Mark Van Rijmenam, the founder of Datafloq, further empathizes the use of Big data in the disaster response field, saying “Big data offers, for example, the possibility to predict food shortages by combining variables such as drought, weather conditions, migrations, market prices, seasonal variation and previous productions.”

In the area of public health and sanitation, Van Rijmenam talks about harnessing data from call detail records to map variations in the population of low-income dwellers in order to direct efforts at building water pipes and latrine facilities for the slum dwellers. This effort will see improved sanitation in such areas, bringing about better health.

A pilot program by the World Bank in Tanzania called SMS for life has generated major improvements in the distribution of malarial medical stock. By getting clinical workers to send an SMS with their stock count every week, the program has enabled senior coordinating staff to re-stock clinics more accurately.

SMS for life has managed to reduce the number of rural health facilities in Tanzania without medical stock from 78 percent to 26 percent.

World Bank blogger Alla Morrison has likened the transformative potential of big data to the transformative effect that electricity had on industry in the 19th century. She argues that big data is a game changer for business, and notes the unprecedented productivity gains in the second industrial revolution due to businesses in all sectors taking advantage of the new electrical resource.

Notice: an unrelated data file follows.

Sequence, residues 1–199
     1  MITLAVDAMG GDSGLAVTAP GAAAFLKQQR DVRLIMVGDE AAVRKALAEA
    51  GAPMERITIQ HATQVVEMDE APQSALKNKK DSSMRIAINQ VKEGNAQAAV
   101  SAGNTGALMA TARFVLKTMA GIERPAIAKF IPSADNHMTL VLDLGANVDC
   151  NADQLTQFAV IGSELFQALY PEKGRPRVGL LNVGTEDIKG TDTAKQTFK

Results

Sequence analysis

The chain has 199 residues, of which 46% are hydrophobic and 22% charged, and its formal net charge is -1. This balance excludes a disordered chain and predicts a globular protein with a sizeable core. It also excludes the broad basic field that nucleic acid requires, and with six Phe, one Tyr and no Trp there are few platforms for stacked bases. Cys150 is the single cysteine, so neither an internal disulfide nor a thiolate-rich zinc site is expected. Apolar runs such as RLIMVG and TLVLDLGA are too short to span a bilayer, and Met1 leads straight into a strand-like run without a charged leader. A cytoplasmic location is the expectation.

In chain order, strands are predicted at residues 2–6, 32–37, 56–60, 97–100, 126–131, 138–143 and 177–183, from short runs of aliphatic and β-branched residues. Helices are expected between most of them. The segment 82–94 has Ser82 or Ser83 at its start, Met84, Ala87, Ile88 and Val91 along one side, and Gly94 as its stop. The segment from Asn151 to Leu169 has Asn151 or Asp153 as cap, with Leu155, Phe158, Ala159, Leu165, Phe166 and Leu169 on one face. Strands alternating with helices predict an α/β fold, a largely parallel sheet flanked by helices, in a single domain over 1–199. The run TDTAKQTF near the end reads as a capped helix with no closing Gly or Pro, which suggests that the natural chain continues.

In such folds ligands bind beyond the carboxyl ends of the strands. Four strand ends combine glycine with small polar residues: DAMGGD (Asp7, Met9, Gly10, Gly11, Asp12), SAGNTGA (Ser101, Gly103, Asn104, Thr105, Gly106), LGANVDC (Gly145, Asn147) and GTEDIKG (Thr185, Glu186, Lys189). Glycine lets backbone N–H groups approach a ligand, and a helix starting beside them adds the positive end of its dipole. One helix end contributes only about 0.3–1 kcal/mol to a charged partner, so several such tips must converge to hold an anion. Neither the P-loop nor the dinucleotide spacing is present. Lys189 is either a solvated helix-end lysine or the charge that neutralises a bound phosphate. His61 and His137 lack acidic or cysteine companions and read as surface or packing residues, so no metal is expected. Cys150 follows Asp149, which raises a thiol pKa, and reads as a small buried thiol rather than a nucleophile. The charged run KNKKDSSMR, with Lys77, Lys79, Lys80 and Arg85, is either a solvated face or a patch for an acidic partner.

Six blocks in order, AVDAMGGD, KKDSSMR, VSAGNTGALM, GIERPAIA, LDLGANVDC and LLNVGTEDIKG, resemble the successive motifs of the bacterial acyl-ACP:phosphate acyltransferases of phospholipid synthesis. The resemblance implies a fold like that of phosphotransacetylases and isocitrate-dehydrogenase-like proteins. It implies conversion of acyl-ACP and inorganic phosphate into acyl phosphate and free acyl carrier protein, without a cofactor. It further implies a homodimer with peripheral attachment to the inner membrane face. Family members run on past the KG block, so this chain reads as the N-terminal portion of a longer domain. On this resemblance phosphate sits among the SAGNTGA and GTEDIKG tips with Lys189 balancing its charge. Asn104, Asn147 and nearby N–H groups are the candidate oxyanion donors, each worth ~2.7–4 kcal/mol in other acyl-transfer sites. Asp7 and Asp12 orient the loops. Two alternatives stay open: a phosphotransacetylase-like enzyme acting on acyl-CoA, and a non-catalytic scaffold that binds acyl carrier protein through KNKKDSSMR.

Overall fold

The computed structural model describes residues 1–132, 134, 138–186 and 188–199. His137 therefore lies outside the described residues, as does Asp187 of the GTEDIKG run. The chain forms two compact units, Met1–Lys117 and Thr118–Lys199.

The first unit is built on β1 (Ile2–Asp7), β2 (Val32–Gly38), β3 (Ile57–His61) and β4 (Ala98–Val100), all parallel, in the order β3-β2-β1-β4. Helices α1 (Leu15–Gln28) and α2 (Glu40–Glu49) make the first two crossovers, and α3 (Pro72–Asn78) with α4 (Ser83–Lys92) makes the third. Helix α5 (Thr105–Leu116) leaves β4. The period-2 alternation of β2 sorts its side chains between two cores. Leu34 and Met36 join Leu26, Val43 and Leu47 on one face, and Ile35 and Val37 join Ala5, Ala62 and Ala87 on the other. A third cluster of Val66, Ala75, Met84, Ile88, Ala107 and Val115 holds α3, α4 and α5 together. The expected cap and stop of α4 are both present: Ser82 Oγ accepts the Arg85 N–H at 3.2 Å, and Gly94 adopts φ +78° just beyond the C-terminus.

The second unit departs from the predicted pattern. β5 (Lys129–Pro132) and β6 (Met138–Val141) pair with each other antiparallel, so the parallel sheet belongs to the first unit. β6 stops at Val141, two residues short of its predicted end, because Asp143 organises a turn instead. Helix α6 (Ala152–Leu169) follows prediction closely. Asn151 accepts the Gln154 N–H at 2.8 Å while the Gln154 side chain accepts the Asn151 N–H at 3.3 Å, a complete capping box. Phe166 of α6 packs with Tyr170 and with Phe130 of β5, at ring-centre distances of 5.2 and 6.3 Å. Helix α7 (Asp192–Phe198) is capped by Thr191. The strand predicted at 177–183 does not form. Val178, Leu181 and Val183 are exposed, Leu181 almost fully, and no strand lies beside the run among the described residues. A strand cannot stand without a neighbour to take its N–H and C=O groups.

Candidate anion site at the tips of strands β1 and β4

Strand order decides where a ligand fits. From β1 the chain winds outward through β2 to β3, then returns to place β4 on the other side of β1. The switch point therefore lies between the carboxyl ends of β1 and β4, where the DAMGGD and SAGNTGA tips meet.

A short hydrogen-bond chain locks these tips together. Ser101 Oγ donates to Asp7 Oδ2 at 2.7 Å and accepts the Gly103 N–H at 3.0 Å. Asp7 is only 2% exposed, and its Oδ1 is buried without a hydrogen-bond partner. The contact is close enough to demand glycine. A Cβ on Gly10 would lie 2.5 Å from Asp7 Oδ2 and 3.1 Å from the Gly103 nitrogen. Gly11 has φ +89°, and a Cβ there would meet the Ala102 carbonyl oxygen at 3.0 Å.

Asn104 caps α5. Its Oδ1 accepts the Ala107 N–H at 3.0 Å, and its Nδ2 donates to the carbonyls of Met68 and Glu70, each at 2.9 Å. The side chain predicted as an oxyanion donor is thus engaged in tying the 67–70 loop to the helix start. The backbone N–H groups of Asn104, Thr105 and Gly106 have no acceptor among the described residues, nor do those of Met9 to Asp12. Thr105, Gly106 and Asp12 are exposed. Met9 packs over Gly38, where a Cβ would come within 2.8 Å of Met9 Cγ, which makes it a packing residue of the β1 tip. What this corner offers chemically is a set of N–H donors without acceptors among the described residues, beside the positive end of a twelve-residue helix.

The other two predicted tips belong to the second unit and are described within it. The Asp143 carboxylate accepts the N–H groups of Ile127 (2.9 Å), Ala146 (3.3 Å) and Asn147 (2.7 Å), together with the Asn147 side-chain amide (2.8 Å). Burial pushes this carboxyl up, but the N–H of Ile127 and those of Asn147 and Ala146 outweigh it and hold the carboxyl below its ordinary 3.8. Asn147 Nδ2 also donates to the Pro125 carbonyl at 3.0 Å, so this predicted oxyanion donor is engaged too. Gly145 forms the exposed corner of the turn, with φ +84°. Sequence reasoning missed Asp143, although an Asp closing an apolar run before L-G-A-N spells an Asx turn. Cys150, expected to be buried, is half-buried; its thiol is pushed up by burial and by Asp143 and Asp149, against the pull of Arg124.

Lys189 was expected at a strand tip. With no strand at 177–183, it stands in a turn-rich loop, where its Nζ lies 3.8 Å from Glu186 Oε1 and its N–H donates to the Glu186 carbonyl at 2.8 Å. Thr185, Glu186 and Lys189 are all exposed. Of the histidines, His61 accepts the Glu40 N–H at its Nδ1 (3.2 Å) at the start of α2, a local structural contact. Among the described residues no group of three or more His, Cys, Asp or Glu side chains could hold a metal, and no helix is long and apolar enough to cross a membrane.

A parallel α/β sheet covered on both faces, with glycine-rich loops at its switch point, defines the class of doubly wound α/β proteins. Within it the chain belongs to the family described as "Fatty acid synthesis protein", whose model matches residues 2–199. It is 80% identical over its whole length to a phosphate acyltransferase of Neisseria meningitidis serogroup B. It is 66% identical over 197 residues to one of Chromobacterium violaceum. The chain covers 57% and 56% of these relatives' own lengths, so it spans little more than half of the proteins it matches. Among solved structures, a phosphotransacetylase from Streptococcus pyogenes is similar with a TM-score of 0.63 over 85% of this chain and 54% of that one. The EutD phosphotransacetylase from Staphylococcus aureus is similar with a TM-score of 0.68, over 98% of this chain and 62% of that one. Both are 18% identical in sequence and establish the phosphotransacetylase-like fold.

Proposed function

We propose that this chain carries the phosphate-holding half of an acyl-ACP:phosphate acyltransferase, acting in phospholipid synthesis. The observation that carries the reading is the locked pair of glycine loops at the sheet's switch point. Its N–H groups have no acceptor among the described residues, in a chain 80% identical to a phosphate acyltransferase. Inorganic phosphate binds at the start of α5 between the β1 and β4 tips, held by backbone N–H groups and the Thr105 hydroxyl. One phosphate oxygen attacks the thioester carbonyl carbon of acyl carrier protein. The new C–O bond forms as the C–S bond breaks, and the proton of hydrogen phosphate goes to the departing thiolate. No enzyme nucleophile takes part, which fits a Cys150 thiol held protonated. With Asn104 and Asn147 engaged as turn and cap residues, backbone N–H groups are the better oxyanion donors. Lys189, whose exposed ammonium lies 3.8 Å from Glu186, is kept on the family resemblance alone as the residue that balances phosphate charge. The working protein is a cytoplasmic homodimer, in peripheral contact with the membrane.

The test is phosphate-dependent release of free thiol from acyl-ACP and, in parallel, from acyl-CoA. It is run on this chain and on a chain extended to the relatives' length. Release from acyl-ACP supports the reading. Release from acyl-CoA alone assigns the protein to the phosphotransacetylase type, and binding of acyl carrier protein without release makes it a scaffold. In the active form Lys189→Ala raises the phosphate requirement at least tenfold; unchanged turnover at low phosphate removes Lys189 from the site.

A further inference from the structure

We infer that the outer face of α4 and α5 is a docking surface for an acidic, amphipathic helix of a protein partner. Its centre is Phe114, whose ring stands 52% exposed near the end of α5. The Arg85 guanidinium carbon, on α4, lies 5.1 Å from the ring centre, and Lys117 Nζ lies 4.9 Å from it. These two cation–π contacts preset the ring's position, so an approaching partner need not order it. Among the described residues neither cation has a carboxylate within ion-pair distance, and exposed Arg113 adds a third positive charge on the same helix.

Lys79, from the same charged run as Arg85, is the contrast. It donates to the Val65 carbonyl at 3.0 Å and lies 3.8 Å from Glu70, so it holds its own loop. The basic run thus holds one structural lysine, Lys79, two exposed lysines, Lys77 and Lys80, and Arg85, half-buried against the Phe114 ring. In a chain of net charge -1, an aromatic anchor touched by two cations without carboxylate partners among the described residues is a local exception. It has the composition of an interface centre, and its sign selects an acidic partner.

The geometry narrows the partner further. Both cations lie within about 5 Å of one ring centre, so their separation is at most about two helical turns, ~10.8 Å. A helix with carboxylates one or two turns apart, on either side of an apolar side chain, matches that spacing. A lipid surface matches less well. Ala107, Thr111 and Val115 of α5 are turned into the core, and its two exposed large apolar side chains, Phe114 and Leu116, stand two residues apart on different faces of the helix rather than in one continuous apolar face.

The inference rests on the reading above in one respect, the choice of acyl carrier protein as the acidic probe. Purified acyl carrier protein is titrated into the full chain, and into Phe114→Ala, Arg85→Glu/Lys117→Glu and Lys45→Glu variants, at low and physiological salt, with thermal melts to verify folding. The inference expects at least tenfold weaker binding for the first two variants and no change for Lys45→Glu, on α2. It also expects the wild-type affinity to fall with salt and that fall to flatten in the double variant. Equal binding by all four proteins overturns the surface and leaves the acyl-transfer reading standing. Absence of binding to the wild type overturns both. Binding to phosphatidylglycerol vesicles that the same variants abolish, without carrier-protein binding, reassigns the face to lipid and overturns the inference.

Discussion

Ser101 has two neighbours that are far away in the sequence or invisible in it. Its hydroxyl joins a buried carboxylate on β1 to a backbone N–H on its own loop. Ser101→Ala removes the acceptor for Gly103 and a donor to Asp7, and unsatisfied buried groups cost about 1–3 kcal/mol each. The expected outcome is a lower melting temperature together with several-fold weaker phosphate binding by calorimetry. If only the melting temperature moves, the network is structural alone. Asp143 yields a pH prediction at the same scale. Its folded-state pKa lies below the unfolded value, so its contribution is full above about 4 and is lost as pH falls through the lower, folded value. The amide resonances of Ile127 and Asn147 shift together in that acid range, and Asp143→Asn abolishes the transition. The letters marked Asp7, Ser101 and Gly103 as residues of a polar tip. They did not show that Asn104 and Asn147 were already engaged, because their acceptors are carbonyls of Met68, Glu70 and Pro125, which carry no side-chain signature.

Likewise, as humanity forges ahead, it is important that organizations, governments and individuals take advantage of big data to address the seemingly intractable challenge of poverty.

June Samo

Sources: Enterra Solutions 1, Enterra Solutions 2, FT Magazine, IEEE, SAS, Smart Data Collective, UN GLOBAL PULSE, World Bank 1, World Bank 2
Photo: Flickr

Big Data matters. It has proven to be accurate in realizing trends, developing strategies, and noticing rising phenomena. It is a tool being used more frequently with each passing year that helps governments, scientists, educators, academics, and businesses operate in the most efficient ways possible.

Statistics and massive data are no longer being used solely by political pollsters and economists. Now, even philanthropy and global aid are reaping the benefits of big data. One example of this relatively new use of big data is the NGO Aid Map, which complies massive amounts of volunteer data into a useful and informative tool.

The NGO Aid Map is an interactive map designed by global aid advocacy group InterAction. The map shows a 2D image of Earth, akin to Google Maps, and features a series of numbered orange circles corresponding to individual countries. The number in the circle represents the number of Non-Governmental Organizations currently active in its respective nation.

Circles vary by size: the larger, the more projects. Users can click on the country that they are interested in. Upon clicking, the map zooms in to frame the specific country and then breaks the initial circle into smaller parts separated by city, town or region.

Clicking on a city or region circle brings users to a list of the ongoing projects in that area, each with an external link, a listing of the NGO conducting the project, and a short description of its mission.

The Aid Map is designed for optimal usability. Users can select from a number of filters to show where aid is needed most based on a series of metrics. These include poverty rate, malnutrition prevalence, agricultural share of GDP, and gross aid income (Official Development Assistance).